6. End of the Century
End of the Century is a beautiful film. This Argentine film is an understated, existential, meditative film which looks at love and memory in a way that feels incredibly unique.
Two men meet in Barcelona. They spend the day together, forming a romantic connection but then they realise that they have already met before, twenty years previously. What follows is a film which finely balances ideas about what could be, what is happening in the present, and what has already come to pass.
End of the Century plays like a love letter to Barcelona and makes its audience long to go there. And actually, this film specialises in longing – longing for the life you had or the life you hope to have, longing to remember precious moments and most importantly, longing for someone who you have a special connection with.
End of the Century is a very calm and still film. There is not any dialogue for around the first fifteen minutes of the film and much of it is dialogue free. It is a film where the subtleties are key and lovers of action or of clarity will struggle with this film’s refusal to play by the rules.
For example, the actors look exactly the same in both time periods. There is no de-aging or even an attempt to show a particular differentiation in the time periods. Some audiences may hate that, but it plays perfectly into this film being a rumination. Do we not see ourselves as we are when we picture ourselves in our minds? It is much harder to conjure up a perfect image of yourself from twenty years ago.
End of the Century is an evocative film that will leave audiences with a myriad of emotions.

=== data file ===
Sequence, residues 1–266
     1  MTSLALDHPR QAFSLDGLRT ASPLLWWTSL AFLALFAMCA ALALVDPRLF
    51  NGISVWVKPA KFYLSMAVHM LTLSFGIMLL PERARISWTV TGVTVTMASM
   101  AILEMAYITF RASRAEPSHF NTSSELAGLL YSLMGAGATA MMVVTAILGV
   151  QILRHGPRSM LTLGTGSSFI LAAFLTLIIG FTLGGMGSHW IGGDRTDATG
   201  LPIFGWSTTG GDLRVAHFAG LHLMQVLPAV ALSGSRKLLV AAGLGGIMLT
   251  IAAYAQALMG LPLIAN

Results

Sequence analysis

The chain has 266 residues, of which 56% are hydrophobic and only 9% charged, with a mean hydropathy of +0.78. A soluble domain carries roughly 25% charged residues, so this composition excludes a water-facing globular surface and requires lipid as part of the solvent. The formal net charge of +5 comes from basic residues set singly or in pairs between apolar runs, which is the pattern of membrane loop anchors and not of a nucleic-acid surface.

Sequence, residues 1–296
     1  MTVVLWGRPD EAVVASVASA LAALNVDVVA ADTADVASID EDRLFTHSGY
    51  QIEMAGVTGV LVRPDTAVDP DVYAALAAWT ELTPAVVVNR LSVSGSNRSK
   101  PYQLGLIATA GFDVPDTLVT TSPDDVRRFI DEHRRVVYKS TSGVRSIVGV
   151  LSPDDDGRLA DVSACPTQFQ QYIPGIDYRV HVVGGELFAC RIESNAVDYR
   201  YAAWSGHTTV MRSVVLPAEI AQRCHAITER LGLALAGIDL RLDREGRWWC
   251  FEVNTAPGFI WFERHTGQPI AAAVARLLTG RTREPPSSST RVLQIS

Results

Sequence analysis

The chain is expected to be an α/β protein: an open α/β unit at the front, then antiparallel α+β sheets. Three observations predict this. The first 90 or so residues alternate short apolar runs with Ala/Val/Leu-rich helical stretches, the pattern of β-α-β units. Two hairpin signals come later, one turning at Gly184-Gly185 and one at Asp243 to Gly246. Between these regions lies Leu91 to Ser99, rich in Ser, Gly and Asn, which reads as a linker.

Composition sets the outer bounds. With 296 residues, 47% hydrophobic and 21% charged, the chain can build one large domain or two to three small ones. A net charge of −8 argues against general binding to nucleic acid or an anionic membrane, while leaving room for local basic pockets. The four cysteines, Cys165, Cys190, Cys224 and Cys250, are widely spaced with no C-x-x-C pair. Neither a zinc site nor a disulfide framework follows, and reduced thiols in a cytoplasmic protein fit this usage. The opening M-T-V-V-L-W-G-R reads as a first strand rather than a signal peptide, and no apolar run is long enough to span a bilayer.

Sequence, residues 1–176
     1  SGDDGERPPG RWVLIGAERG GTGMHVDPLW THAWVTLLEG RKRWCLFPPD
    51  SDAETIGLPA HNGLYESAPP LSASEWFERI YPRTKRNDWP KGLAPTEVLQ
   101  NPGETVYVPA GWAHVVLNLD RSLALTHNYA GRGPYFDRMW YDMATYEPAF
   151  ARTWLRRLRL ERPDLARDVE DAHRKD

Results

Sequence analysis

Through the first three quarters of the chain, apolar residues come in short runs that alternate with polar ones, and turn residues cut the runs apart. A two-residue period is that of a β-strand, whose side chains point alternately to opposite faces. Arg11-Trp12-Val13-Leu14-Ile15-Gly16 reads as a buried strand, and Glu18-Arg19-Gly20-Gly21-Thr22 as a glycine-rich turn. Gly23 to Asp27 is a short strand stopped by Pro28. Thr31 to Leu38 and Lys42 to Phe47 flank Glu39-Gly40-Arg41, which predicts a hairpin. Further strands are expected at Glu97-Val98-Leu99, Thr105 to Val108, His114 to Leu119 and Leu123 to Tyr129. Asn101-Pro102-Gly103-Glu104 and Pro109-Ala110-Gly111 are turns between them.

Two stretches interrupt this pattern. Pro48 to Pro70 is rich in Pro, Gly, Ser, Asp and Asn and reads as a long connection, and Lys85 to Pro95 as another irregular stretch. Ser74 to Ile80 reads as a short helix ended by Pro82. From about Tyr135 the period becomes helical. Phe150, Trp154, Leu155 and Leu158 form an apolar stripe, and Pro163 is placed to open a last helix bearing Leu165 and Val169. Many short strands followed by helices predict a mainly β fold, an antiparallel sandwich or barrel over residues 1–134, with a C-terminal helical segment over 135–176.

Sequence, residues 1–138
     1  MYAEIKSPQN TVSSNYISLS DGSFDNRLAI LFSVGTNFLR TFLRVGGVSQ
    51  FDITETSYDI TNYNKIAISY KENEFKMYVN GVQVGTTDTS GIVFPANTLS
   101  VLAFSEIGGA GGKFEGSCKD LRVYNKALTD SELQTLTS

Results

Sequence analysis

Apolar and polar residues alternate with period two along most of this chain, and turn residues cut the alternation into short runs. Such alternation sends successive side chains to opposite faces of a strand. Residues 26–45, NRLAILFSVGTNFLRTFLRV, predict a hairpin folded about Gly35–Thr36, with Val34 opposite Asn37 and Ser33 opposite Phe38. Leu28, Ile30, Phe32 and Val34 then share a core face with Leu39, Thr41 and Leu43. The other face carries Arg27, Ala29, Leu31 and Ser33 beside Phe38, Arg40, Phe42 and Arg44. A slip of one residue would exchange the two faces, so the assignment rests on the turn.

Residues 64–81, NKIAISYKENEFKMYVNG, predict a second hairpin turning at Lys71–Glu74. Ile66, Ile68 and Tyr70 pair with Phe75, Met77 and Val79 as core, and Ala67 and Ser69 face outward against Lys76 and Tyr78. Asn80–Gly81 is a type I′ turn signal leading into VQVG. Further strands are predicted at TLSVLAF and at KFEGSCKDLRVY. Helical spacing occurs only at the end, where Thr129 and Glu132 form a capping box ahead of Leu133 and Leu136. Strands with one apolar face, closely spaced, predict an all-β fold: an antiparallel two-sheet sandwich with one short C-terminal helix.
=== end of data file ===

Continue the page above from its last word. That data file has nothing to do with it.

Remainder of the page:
Nominated for Best Documentary Feature at the 92nd Academy Awards, Honeyland is an extraordinary documentary. It manages to simultaneously show audiences a life that probably feels very alien to them and yet at the same time it has universal themes and issues that will resonate with everyone, no matter where they live or the type of lifestyle that they have.
The film follows Hatidze, a woman who lives in a remote Macedonian village with her ailing mother. There is no electricity or running water in the village, and it is a four hour walk to the nearest city. Hatidze makes a living selling honey that she farms from her own bees. She lives an austere and simple existence. That is until her new neighbours move in…
Honeyland is often meditative and slow – you can see how some audiences will struggle with how ‘nothing’ happens and declare the film to be “boring.” But nothing could be further from the truth. The film gives us access to these people’s lives and it is utterly fascinating. As well as that, there are underlying themes throughout Honeyland – the fragility of nature and the corruption of capitalism, how we treat the land and all those who live upon it, and how your neighbours can greatly affect your life.
The best documentaries are ones that open your eyes to subjects you may not have been familiar with previously or that let you ruminate on what is truly important. Honeyland does both. It is also beautifully shot and engrossing throughout.
8. Midnight Family
Did you know that in Mexico City, the government operates fewer than forty-five emergency ambulances for a population of nine million? To pick up the slack, a number of people run private ambulances. Imagine Nightcrawler but with ambulances and that is close to what this documentary film from filmmaker Luke Lorentzen is like. People are in terrible accidents and then are charged as soon as they get to the hospital. It’s either that or wait hours for a government ambulance to turn up – that is if it shows up at all.